The pharmacological aspect of the date extract

In the prevailing era of biotechnology and pharmacology the date extract has been tested against a number of disease causing bacterial activities. When we come to that remarkable historical phenomenon --in which a hitherto obscure race of nomads, under the stimulus of a new religion, burst forth upon the ancient and decadent civilisations from the Pillars of Hercules to the Indus and imposed their own beautiful and flexible language upon other races and even other religions -- we do not find at first that enlightened appreciation of science that afterwards distinguished many of the rulers in Islam. It was not until the division of the caliphate in the eighth century between Bagdad and Cordova that the obscurantism that had characterised early Mohammedanism -- as it had occurred before with early Christianity and was to occur long after with early Protestantism -- was to give way to a love of knowledge for its own sake (Wright 2008).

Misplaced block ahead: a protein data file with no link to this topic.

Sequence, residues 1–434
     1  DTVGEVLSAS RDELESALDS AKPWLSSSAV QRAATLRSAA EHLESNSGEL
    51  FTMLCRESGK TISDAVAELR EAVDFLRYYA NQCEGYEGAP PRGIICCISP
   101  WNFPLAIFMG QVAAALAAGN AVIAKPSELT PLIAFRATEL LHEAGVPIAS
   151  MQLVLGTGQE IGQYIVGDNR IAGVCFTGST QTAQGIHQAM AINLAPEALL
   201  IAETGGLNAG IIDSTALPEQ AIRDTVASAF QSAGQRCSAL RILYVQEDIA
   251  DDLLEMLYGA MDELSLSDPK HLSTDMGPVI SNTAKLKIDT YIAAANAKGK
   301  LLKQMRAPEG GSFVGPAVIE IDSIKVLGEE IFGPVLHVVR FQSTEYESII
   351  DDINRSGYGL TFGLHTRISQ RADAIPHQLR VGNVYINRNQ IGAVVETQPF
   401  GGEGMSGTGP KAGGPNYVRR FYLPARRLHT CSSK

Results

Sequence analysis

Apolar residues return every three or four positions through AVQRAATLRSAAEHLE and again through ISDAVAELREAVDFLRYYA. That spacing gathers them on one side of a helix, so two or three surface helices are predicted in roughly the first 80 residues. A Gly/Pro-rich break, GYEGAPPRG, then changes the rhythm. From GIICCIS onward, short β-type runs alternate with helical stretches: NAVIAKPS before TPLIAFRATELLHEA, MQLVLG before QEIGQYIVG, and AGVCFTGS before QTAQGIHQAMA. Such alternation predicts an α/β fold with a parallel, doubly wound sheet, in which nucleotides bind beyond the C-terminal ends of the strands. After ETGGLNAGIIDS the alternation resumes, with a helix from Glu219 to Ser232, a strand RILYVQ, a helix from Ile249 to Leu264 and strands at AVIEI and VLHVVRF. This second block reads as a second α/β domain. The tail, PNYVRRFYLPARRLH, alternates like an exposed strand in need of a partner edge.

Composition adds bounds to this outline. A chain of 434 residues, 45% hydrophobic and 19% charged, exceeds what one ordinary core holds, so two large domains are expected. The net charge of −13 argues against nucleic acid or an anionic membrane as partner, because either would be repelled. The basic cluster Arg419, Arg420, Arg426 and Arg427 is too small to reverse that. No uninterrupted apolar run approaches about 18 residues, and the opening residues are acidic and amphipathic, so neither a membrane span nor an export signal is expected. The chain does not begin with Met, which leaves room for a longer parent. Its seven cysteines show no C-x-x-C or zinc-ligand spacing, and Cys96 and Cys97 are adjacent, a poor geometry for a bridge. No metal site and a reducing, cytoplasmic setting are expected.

In the Medicean Library at Florence there was an Arabic manuscript compendium of medicine, with a treatise on the properties and names of plants used as remedies, compiled as early as A.D. 718 from Hippocrates by Ahmed Ben Ibraham, physician to the Ommayad Caliph Yazid II. In the Royal Library in Paris there was another, dated 743, by a monk named Ebn Abu Zaher, who seems to have travelled extensively. The Caliph Abdurrahman I ( A.D. 755-88) laid out a botanical garden at Cordova, caused rare seeds to be collected by travellers in Syria and other parts of Asia, and planted the first Date-palm to be grown in Spain

The summary and findings of these points are enlisted below.

The anti-mutagenic effect of date extract